Our invention is illustrated by, but by no means limited to, the following examples in which all parts are parts by weight unless otherwise specified.
A solution of triallylamine hydrochloride in water (20.0 ml; 70% w/v) was heated in a rotary evaporator at 100° and 100 mm for 15 minutes. The residue (15.0 g) was dissolved in a mixture of dioxan (40 ml) and acetone (10 ml) and transferred into a quartz tube (6 cm × 30 cm) which was equipped with an efficient reflux condenser with a nonreturn valve, a gas inlet, and a stirrer carrying teflon blades (6 mm wide) which scraped the inside wall of the quartz tube. While high-purity nitrogen was passed through the apparatus the contents of the tube was heated with stirring to the b.p. of acetone for 3 minutes; while a positive pressure of nitrogen was maintained the mixture was cooled to room temperature and the apparatus was immersed into a Raynnet photoreactor equipped with sixteen 8 watt low pressure mercury lamps. The stirrer was stopped, the cooling fan and the lamps were started and after 90 seconds the teflon stirrer was started. After 2 hours the reaction was stopped and the polymer was transferred with acetone into a sintered funnel, dried, to give 6.2 g of a colourless powder. Polymer adhering to the walls of the reactor was removed by heating the quartz tube in boiling water for 2 minutes (weight, 2.8 g). After removal of excess acetone the filtrate was irradiated as before to give a further crop of colourless polymer (2.3 g). The properties of the precipitated material and the material adhering to the walls are shown separately in Table 1.
Solutions of triallylamine hydrochloride in water (15.4 ml; 70% w/v) and methyldiallylamine hydrochloride (4.6 ml; 70% w/v) were combined and heated at 100° and 100 mm Hg in a rotary evaporator. The residue was dissolved in a mixture of dioxan (30 ml) and acetone (10 ml), transferred into the reactor described in Example 1 and treated as described in Example 1 to give 6.5 g of a colourless polymer; 3.8 g of polymer was removed from the inside walls of the reactor.
A solution of triallylamine hydrochloride in water (17.0 ml; 70% w/v), 20 ml of acetone, and 25 ml of paraffin oil (Ondina, B.P. quality) were introduced into the reactor described in Example 1. The mixture was heated under nitrogen and with stirring to the b.p. of acetone, cooled, and irradiated as described in Example 1. The product was treated with petroleum, b.p. 60-80°, and acetone to give a pale yellow product (3 g).
A solution of triallylamine hydrochloride in water (20.0 ml; 70% w/v) was treated as described in Example 1 and the solution in dioxan (30 ml), acetone (10 ml) was transferred into a horizontal photoreactor. This was a pyrex cylinder (8 × 30 cm) sealed at one end by glass, the other end carried a B45 quickfit socket to take a 15 W low pressure mercury lamp (U-shaped 28 cm long, 4 cm between the two arms). On the upper side of the cylinder were an efficient condenser and a gas inlet.
While high-purity dry nitrogen was passed through the apparatus the reactants were heated for 3 minutes to the b.p. of acetone; with the magnetic stirrers operating the mixture was then cooled to ca. 40° and reheated as before. It was then cooled and the stirrers were turned off and the lamp turned on. The magnetic stirrers were operated for intervals of ca. 3 minutes over 2 hours. The reaction mixture was removed from the cylinder with acetone and filtered to give colourless polymer (6.3 g). The properties of the polymer are shown in Table 1.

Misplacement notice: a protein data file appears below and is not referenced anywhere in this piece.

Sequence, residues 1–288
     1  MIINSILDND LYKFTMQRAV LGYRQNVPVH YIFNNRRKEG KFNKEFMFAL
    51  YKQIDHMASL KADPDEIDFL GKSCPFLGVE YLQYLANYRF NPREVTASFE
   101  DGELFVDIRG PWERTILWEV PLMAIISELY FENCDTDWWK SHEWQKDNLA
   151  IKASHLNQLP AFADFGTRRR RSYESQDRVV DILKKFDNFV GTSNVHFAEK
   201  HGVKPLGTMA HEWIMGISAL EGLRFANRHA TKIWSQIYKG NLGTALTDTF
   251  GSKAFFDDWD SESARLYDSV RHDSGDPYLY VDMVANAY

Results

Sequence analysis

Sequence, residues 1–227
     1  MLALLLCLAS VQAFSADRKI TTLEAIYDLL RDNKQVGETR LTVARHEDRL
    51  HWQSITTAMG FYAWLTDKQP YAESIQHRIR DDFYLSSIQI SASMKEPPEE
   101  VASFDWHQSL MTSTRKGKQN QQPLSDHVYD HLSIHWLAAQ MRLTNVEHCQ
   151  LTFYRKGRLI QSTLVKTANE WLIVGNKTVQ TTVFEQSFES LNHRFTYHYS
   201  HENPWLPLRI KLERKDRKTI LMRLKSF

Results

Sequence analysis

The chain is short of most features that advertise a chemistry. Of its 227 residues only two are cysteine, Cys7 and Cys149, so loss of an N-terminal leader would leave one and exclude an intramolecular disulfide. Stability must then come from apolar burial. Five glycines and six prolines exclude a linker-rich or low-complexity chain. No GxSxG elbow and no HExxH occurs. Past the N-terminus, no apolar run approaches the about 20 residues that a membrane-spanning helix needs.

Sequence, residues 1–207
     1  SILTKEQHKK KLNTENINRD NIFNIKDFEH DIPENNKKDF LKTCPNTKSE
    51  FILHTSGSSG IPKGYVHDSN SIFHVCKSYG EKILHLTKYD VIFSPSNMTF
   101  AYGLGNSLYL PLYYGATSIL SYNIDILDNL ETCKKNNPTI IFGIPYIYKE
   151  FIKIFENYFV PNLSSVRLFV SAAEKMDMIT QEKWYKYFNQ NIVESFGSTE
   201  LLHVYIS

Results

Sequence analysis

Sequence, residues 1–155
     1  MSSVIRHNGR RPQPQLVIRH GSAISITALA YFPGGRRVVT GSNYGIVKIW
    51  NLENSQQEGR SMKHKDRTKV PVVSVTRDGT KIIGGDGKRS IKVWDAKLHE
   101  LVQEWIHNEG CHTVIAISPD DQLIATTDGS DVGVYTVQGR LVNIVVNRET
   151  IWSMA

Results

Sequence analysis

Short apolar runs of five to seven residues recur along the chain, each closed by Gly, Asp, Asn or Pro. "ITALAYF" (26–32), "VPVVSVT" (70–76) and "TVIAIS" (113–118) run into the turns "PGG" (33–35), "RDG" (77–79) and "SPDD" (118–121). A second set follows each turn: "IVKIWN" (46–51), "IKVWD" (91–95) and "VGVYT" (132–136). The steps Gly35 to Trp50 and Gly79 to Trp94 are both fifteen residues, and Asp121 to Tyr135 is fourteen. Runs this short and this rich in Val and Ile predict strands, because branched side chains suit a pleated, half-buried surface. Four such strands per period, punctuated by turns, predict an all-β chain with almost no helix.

TABLE I______________________________________Exp. Capacity pH1/2*No. in meq/g at 20°C ΔpH** Comments______________________________________1 6.6 7.4 0.4 Polymer deposited on wall of reactor1 6.5 7.9 0.3 Polymer from solution4 6.6 7.6 0.4 Polymer deposited on wall of reactor.4 6.2 7.6 0.4 Polymer from solution______________________________________ *pH1/2 at 20°C is the half neutralisation pH measured at 20°C **ΔpH is the difference between pH1/2 at 20°C and pH1/2 at 80°C.
A series of experiments was carried out using the following general conditions.
Reactors: Made of Pyrex or clear quartz; 6 cm inner diameter, 30 cm long.
Stirrer: Made entirely of teflon with blades 8 cm long scraping the inside clear; or, made of stainless steel with teflon blades pressed against the walls by springs and sweeping an arc 8 cm long.
Lamps: All lamps were 8 W low pressure lamps as supplied with a `Rayonet` photoreactor (Rayonet is a Trade Mark for a photoreactor); three types were used, clear lamps, maximum output at 254 nm; "White Phosphor" lamps, maximum output near 300 nm; and "Black Phosphor" lamps, maximum output near 360 nm.
Temperature: 30°-40° throughout.
Starting materials: TAA.HCl 70% w/v was dehydrated at 90°/5 mm; all solvents were reagent grade; various sensitizers were prepared according to the literature and were pure by m.p. and tlc. All experiments were carried out under nitrogen except for experiments with AIBN and peroxides using chlorobenzene as solvent which were carried out in air.
Degassing: Each reaction mixture was boiled and cooled under nitrogen before being irradiated.
The triallylamine hydrochloride (70% w/v) was heated at 90°, 2-5 mm for 5 minutes before use.
The reaction conditions for each experiment and the properties of the resultant polymer are shown in the tables. The reaction mixture in each case was initially a clear solution. In each case when a polymer is formed the polymer was in the form of a white free running powder comprising unagglomerated substantially spherical beads of a size in the range from 0.1 to 10 microns diameter.
Table 2. Shows various conditions found satisfactory for formation of product.